Issue Date: July 28, 2008
SWISS DRUG BEHEMOTH Roche made a play for full control of Genentech last week, going back on an earlier pledge to leave the biotech company, in which Roche owns a 56% stake, as an independent company. By acquiring the remainder of Genentech, Roche would become the 7th largest drug company in the U.S. based on market share.
The $89.00-per-share offer, worth $43.7 billion, represents a 9% premium over the closing price of Genentech's stock on July 18. Analysts think Roche has made a lowball bid that Genentech's shareholders are unlikely to accept. Steve Harr, a drug stock analyst at Morgan Stanley, believes Roche will need to raise its offer by 15 to 20% to secure the deal. If the acquisition succeeds, Roche's global sales would jump by almost 30% to some $53 billion per year.
Genentech is likely stuck with Roche because of a clause in their long-term alliance. According to the biotech firm's most recent proxy statement, if the companies can't come to terms on a merger price, Roche can still acquire the company at a price determined by two investment banks.
The surprise move is a reversal in strategy for Roche, which paid $2.1 billion for its majority stake in Genentech in 1990. At the time, Roche agreed to let the biotech company operate independently to maintain its "enterprising spirit." The Swiss firm forged a similar relationship with Japan's Chugai Pharmaceutical in 2001. Roche has since benefited from selling its partners' products outside the U.S. and Japan.
Indeed, Genentech has grown by leaps and bounds since Roche's initial investment. Its sales mushroomed from about $400 million in 1990 to $11.7 billion last year, thanks to a steady stream of blockbuster cancer drugs. In fact, Genentech now has more staff in South San Francisco than Roche does at its Basel, Switzerland, headquarters.
But productivity at Genentech has dropped in recent years; the company hasn't launched a new product since 2006 and has been relying on new uses for old drugs to drive growth. Roche believes sharing intellectual property, technology, and partnerships will encourage innovation at both companies.
Roche also expects the combined company to enable cost-cutting of up to $850 million per year. R&D at its Palo Alto, Calif., site will eventually end, with virology research shifted to South San Francisco and immunology to Nutley, N.J. Roche also intends to weed through the companies' pipelines to eliminate overlaps. Meanwhile, capacity will be optimized—the first step will be shuttering manufacturing in Nutley—capital expenditures will be trimmed, and the combined company will leverage its scale when negotiating with partners.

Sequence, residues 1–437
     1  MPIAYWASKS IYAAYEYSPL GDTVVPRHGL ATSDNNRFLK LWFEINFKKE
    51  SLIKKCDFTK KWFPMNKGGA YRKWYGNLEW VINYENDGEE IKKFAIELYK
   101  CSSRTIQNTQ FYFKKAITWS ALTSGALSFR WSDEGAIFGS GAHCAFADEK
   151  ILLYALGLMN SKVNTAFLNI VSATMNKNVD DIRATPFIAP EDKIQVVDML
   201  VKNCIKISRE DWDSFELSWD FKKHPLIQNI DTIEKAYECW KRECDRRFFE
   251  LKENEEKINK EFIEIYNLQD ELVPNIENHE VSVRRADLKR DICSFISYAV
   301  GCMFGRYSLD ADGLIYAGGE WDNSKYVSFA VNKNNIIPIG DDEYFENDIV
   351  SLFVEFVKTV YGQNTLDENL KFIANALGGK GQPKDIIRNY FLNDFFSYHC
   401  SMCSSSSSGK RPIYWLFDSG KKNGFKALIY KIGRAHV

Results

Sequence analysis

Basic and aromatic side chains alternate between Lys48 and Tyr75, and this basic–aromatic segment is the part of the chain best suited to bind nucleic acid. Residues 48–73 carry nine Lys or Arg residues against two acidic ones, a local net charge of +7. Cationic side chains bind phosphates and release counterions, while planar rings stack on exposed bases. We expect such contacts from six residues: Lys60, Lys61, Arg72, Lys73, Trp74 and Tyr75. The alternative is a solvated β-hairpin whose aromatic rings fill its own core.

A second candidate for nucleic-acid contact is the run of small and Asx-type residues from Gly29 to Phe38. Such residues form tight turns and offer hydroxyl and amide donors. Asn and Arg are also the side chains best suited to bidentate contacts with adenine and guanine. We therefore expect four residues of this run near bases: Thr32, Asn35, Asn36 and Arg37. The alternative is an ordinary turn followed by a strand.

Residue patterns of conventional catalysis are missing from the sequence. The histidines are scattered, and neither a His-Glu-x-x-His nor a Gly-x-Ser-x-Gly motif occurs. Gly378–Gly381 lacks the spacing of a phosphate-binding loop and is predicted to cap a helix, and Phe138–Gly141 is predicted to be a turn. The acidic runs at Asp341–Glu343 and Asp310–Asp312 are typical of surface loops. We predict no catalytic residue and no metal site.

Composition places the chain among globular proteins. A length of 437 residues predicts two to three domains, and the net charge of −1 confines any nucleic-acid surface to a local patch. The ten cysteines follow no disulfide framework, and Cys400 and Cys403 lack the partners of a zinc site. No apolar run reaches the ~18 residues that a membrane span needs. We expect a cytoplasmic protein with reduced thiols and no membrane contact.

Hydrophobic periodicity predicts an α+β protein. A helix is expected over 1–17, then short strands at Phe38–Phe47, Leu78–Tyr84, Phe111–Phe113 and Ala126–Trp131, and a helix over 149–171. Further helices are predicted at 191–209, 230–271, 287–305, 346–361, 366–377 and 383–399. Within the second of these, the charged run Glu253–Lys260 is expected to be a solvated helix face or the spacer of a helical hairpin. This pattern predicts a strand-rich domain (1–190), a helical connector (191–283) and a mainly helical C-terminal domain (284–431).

Roche Chairman Franz B. Humer told reporters at a press conference in Basel that he struggled with the decision to bring Genentech into the fold for weeks, knowing that it would be seen as a turn in strategy. However, Humer said he saw that "we could create substantial synergies by combining those functions where critical mass and cost are decisive factors in the context of global competition in the pharmaceutical industry."
Despite the shift, Roche wants to maintain the "unique research culture" at Genentech, which is the number two biotech company after Amgen and one of the industry's pioneers. The company was formed over beers at a pub in 1976 by Herbert Boyer, a professor of biochemistry at the University of California, San Francisco, who helped invent genetic engineering, and venture capitalist Robert A. Swanson. That casual but science-driven culture has persisted at the firm.
Humer said Genentech's South San Francisco site will operate as an independent research and early development center and also serve as the headquarters of combined U.S. commercial operations. Meanwhile, Roche's five disease biology areas will continue to operate fairly autonomously.
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